Origins of The Roots Story:
Kinte (aka Kunta Kante / Kunte) is the principle Mandinka
character from the book titled Roots: The Saga of An American
Family (Doubleday: 1976)
written by the Pulitzer Prize winning author Alex
Haley. It is roughly based on his family's oral history
starting with the capture of his slave ancestor, Kunta Kinte,
in the village of Juffureh (Juffure),
The Gambia, in the 1767.
It was the recited family stories he was told as a youth in the
1920s and 1930s that inspired him to take more interest into his
ancestry. His genealogical interest took on more decisive
action 1964 while in discussion with his publishers, Doubleday,
about a book deal chronicling his clans history. His publishers
were so impressed about the uniqueness of his proposal that they
agreed to advance him money to further his research.
The Story Unfolds:
After extensive interviews with members of his close relatives,
including his grandmother, Cynthia Palmer, as well as his interviews
with people in expert libraries he concluded that his descendant,
Kinte, was kidnapped by slavers in Juffure
which is in the tiny country of The Gambia,
West Africa, way back in the 1760s.
It was on a visit to the British
Museum in mid 1960s that the author came to a eureka moment.
While looking at the Rosetta Stone he deduced that if the hieroglyphic
language of the ancient Egyptians could be decrypted then maybe
there was a language that could assist him to decipher the foreign
phrases and names that he had heard as a child growing up in Henning,
Tennessee from his grandmother and sisters in the 1920s and 1930s.
Alex Haley arrived in Juffureh in 1967 hoping to learn more about
the Kinte clan and his famous descendant. He was directed to the
griot Kebba Kanji Fofana who was supposed to possess a deep oral
history of the Kinte family lineage going back generations. Fofana
recited the family's lineage which seemed to match Haley's own
family's stories and he emerged from his trip to Juffureh greatly
moved. So began his work which lasted over a decade on the Roots
The title of the book was going to be called Before This Anger
however, it was later changed to Roots and was first published
in an abbreviated style by the Reader's Digest in 1974. The finished
manuscript went on sale in bookshops in 1976.
1977 TV Film:
In 1977 the book was adapted into a television mini-series and
was shown by the ABC
TV network on the 23 January 1977 and received 130 million
viewers over 8 nights. At the time it was the highest rated TV
mini-series according to the Nielsen Ratings. At the time ABC
were reluctant to show it as they thought it could be a flop so
they decided to show it in the unusual format of 8 consecutive
nights so it would be off-air as soon as possible.
The film initially starred
Burton as Kunta Kinte (slave name: Toby) who was later played
by John Amos.
Other actors included Louis Gossett Jr. as Fiddler and Maya Angelou
as Nyo Boto. The series had a large impact on race relations in
America and gave African Americans a sense of pride and belonging
and to look at Africa not with shame but in a more positive light.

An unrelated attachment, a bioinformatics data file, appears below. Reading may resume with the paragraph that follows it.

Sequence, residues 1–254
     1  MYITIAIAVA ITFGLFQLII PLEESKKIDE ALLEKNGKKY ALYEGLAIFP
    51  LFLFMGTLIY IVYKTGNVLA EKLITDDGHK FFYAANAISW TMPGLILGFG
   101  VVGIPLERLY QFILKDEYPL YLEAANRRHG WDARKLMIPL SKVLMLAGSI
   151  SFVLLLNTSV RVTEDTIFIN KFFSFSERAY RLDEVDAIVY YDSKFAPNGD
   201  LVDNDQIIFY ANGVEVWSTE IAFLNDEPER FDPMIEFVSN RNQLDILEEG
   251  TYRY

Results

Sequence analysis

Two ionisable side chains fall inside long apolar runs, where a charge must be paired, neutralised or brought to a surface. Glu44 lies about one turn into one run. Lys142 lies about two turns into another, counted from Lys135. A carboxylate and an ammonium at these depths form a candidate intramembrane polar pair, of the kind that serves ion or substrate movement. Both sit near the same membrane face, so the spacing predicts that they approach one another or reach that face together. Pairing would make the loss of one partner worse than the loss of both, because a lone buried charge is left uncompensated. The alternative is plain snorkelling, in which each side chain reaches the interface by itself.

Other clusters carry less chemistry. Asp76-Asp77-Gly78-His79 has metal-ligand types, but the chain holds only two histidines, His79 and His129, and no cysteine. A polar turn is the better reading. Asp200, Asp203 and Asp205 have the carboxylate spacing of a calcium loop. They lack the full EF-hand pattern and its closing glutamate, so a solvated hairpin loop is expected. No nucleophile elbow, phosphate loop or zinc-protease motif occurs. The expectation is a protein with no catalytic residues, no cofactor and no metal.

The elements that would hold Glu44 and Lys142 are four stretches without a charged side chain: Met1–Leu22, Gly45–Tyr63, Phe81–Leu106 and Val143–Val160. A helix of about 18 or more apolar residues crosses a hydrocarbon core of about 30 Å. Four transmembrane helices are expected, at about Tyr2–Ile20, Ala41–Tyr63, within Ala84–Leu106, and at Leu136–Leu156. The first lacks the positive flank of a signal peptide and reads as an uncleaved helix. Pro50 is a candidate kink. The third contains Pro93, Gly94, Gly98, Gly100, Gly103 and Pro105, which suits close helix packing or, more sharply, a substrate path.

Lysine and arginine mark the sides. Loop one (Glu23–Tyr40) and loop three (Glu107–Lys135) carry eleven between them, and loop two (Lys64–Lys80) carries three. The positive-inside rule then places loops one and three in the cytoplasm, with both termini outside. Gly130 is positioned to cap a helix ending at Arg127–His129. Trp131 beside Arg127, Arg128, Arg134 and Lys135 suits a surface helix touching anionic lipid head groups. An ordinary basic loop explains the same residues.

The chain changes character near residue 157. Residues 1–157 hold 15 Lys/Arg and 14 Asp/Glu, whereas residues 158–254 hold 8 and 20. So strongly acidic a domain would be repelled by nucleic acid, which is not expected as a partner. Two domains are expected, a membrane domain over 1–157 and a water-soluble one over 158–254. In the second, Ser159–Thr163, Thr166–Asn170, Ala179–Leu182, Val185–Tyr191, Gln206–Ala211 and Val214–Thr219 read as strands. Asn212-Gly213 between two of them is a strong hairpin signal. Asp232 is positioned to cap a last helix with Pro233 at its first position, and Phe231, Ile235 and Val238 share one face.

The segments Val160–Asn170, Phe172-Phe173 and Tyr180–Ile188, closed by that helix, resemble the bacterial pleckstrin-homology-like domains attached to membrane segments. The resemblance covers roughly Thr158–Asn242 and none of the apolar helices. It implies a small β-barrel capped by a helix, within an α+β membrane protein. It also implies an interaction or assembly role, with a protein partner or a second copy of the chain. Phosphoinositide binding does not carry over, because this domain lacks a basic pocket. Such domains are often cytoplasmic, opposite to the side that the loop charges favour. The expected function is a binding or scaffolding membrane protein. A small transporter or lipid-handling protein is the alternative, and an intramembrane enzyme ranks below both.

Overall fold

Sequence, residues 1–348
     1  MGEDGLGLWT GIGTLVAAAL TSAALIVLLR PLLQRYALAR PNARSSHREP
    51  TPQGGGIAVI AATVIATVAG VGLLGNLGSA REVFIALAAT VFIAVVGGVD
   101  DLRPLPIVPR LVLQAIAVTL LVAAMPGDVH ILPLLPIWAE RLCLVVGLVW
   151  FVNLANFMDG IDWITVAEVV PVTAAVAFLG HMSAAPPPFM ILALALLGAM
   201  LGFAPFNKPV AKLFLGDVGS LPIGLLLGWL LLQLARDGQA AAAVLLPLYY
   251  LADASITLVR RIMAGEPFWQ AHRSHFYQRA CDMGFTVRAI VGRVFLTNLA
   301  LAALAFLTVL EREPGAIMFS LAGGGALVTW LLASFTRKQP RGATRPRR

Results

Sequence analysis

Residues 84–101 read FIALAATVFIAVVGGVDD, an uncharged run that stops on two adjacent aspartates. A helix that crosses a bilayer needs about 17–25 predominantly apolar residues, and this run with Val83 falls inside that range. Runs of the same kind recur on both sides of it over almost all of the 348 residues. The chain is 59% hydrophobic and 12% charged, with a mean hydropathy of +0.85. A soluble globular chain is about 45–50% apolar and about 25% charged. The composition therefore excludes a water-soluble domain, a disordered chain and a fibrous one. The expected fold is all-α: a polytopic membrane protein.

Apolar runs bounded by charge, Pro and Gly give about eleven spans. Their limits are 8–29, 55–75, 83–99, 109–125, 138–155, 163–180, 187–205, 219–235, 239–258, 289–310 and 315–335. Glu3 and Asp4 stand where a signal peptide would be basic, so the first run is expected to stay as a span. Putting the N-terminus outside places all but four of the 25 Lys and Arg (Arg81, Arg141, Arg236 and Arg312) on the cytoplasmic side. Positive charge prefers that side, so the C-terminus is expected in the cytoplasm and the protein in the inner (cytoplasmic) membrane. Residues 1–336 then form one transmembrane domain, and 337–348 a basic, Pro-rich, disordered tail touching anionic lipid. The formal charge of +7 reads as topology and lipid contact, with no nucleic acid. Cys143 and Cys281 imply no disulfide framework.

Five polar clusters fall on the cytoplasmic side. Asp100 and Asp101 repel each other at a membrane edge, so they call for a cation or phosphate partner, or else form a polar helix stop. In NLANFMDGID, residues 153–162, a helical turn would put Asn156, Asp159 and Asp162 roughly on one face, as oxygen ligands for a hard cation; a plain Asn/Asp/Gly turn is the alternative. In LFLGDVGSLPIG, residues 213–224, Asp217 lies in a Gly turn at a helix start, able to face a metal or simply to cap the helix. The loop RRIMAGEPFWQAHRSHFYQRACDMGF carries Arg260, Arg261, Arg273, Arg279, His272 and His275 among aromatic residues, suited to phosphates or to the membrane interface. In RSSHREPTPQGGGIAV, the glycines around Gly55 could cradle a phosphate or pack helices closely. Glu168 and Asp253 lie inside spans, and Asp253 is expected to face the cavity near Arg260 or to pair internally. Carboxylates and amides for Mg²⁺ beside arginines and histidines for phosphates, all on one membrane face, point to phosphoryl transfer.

Alex Haley went on to win the Pulitzer Prize in 1977 as well as
many honorary degrees. Two years later in February 1979 came the
mini-series Roots: The Next Generation.
the publication of his work and release of the min-series controversy
surrounded the authenticity of Roots and the true location of
Juffureh. Accusations of plagiarism,
factual inaccuracies and fictionalised historical accounts abounded.
Whatever the truth of the book's accounts the fact remains that
millions of West Africans were taken against their will as slaves
and shipped to the Americas.
film made the horrors of the slave trade better known to millions
of Americans who were never taught about this horrific aspect
of their country's involvement in the chronicling of the Trans
Atlantic Slave Trade. Though the majority of slaves were sold
through African middlemen and not captured in raiding parties,
such as in the Juffure example,
the book is representative of the ordeal many Africans had to
go through in the Middle Passage and furthermore highlights the
humiliation and dehumanising injustices many had to endure.
Background into the Kunta Kinte research.
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Adams, Russell L. "An Analysis of the Roots Phenomenon
in the Context of American Racial Conservatism." (Publisher:
Blayney, Michael Steward. "Roots and the Noble Savage."
North Dakota Quarterly (Grand Forks, ), Publisher: Winter
Bogle, Donald. Blacks in American Film and Television: An
Encyclopedia. New York: Garland, 1988.
Brooks, Tim and Earle Marsh. The Complete Directory To Prime-Time
Network TV Shows: 1946-Present. New York: Ballantine, 1979;
Fifth edition, 1992.
Gray, John. Blacks in Film and Television, A Pan-African
Bibliography of Films, Filmmakers, and Performers. New York:
Gray, Herman. Watching Race: Television and the Struggle
for "Blackness." Minneapolis, Minnesota: University
of Minnesota Press, 1995.
Haley, Alex: Roots. Garden City, New York: Doubleday, 1976.
Journal of Broadcasting (Washington, D.C.) Special issue
Kern-Foxworth, Marilyn. "Alex Haley." Dictionary
of Literary Biography. Detroit: Gale, 1985.
Lauren R., and Hemant Shah. "Race and the Transformation
of Culture: The Making of the Television Miniseries Roots."
Critical Studies in Mass Communication (Annandale, Virginia),
"Why Roots Hit Home."
Time (New York) 14 February 1977.
Woll, David. Ethnic and Racial Images in American Film and
Television. New York: Garland, 1987.